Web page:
The Lord of the Rings leads us to believe that he hadn't travelled further afield than the Shire.
However if his friends are to believed, he had been to see the Elves:
All quotes from: The Fellowship of the Ring - Book 1, Chapter 2: The Shadow of the Past
Frodo went tramping over the Shire with them; but more often he wandered by himself, and to the amazement of sensible folk he was sometimes seen far from home walking in the hills and woods under the starlight. Merry and Pippin suspected that he visited the Elves at times, as Bilbo had done.
However, further on into the same chapter, we're led to believe that he'd never left the Shire:
He found himself wondering at times, especially in the autumn, about the wild lands, and strange visions of mountains that he had never seen came into his dreams. He began to say to himself: ‘Perhaps I shall cross the River myself one day.’ To which the other half of his mind always replied: ‘Not yet.’
While it is unclear whether he left the Shire or spoke to Elves, he certainly got close to both, by "walking and talking with the strange wayfarers" who were abound in the Shire at the time.
Frodo began to feel restless, and the old paths seemed too well-trodden. He looked at maps, and wondered what lay beyond their edges: maps made in the Shire showed mostly white spaces beyond its borders. He took to wandering further afield and more often by himself; and Merry and his other friends watched him anxiously. Often he was seen walking and talking with the strange wayfarers that began at this time to appear in the Shire.
The strange wayfarers may simply have been the Dwarves passing through the Blue Mountains:
There were, however, dwarves on the road in unusual numbers. The ancient East–West Road ran through the Shire to its end at the Grey Havens, and dwarves had always used it on their way to their mines in the Blue Mountains. They were the hobbits’ chief source of news from distant parts – if they wanted any: as a rule dwarves said little and hobbits asked no more. But now Frodo often met strange dwarves of far countries, seeking refuge in the West.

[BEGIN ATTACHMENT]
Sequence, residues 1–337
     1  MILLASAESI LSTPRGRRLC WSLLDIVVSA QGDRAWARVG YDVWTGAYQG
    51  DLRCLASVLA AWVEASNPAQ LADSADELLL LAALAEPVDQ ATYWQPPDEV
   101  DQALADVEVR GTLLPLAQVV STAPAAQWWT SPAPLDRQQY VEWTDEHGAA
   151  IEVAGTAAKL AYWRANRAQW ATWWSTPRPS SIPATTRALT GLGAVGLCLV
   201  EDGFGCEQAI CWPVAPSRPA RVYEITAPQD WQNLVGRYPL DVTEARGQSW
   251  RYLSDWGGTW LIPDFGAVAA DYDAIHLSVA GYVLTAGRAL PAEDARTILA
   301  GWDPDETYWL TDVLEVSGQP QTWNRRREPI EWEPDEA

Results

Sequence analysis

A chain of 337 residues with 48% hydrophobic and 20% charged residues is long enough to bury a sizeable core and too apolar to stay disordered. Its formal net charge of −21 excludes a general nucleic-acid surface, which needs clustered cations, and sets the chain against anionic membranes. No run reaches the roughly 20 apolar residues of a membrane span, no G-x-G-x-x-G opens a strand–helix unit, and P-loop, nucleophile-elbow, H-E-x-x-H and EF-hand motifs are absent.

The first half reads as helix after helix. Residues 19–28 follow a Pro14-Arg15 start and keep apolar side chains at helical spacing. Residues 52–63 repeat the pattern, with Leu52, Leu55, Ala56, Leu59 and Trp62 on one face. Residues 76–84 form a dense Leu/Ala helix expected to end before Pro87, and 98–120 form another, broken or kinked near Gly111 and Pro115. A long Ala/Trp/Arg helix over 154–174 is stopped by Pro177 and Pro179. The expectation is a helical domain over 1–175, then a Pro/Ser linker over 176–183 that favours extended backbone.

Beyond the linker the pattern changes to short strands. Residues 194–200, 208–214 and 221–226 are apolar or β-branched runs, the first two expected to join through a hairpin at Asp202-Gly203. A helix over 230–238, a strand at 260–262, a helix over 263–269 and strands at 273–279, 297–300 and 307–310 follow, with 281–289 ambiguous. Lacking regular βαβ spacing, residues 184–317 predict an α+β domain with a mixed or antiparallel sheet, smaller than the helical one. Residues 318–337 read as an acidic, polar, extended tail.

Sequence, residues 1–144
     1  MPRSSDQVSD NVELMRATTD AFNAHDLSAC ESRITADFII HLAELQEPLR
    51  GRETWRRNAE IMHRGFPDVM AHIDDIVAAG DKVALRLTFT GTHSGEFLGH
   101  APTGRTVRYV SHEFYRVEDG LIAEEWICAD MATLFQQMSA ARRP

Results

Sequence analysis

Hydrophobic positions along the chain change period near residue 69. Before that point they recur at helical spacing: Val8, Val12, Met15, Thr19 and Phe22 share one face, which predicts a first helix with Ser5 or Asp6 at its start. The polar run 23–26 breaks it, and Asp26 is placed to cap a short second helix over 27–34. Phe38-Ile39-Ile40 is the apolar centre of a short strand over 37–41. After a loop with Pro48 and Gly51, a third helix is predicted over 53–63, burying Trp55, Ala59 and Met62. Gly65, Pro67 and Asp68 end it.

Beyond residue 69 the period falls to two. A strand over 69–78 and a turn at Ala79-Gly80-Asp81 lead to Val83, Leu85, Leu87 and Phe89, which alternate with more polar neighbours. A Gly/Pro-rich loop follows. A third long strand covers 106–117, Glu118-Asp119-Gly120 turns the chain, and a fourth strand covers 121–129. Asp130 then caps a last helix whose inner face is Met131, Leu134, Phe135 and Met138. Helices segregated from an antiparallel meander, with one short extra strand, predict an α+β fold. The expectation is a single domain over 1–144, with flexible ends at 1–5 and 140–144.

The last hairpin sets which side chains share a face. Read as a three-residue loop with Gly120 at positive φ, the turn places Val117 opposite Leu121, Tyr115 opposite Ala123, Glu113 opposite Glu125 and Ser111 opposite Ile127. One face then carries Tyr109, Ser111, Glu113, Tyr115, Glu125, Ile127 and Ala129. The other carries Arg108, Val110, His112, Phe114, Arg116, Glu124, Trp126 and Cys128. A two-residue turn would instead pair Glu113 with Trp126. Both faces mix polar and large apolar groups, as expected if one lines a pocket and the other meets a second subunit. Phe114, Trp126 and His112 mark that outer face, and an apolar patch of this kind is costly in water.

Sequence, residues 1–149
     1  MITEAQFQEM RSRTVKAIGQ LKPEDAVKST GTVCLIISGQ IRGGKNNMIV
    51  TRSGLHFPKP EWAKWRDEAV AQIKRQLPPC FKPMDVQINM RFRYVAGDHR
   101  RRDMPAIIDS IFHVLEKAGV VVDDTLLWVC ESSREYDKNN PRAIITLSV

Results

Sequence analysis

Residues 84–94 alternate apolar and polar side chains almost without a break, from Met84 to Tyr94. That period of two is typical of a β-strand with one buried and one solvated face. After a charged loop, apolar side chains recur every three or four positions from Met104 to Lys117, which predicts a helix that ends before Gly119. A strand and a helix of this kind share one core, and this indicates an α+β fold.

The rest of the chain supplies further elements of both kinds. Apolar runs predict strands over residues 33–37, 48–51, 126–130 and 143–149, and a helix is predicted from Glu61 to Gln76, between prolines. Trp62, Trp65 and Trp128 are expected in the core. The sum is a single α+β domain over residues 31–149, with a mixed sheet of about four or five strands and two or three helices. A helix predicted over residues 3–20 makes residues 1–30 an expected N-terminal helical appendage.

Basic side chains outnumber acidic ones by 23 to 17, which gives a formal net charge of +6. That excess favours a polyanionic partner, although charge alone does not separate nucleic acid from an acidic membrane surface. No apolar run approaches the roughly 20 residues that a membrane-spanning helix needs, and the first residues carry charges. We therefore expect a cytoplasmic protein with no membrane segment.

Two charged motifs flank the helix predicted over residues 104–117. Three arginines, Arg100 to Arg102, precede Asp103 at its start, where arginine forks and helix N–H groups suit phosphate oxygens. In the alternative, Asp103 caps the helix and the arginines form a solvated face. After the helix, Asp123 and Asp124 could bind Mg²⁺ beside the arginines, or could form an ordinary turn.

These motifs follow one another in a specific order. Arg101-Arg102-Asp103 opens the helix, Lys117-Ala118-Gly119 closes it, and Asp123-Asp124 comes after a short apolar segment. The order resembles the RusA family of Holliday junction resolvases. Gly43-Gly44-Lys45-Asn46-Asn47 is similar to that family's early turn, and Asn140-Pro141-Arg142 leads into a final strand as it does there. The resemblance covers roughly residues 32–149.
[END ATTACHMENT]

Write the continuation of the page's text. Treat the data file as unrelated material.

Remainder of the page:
However, in those times the Elves were also abound, walking the old East-West Road to the Grey Havens.
Elves, who seldom walked in the Shire, could now be seen passing westward through the woods in the evening, passing and not returning; but they were leaving Middle-earth and were no longer concerned with its troubles.
The lack of concern of the Elves with the troubles of Middle-earth may suggest that they were unwilling to speak to strangers, furthermore, Frodo's first meeting with Gildor and his company he seems surprised that they were aware of his name. While Frodo may have been aware of the departing Elves, and therefore any Elves he'd met wouldn't have gone back, he may still have expected news of the nephew of Bilbo's wanderings to have made it back to other ears. Gildor later states they new of Frodo having seen him and Bilbo wandering, although it is likely he hadn't seen them.
And how do you know my name?’ asked Frodo in return.
We know many things,’ they said. ‘We have seen you often before with Bilbo, though you may not have seen us.
The Fellowship of the Ring - Book 1, Chapter 3: Three is company
He did, however, know where one could find Elves, suggesting he may have met with them, and given he had knowledge of some words spoken in the tongue of the High Elves, they may have taught him something.
One can meet them sometimes in the Woody End. They don’t live in the Shire, but they wander into it in spring and autumn, out of their own lands away beyond the Tower Hills...
It was singing in the fair elven-tongue, of which Frodo knew only a little, and the others knew nothing.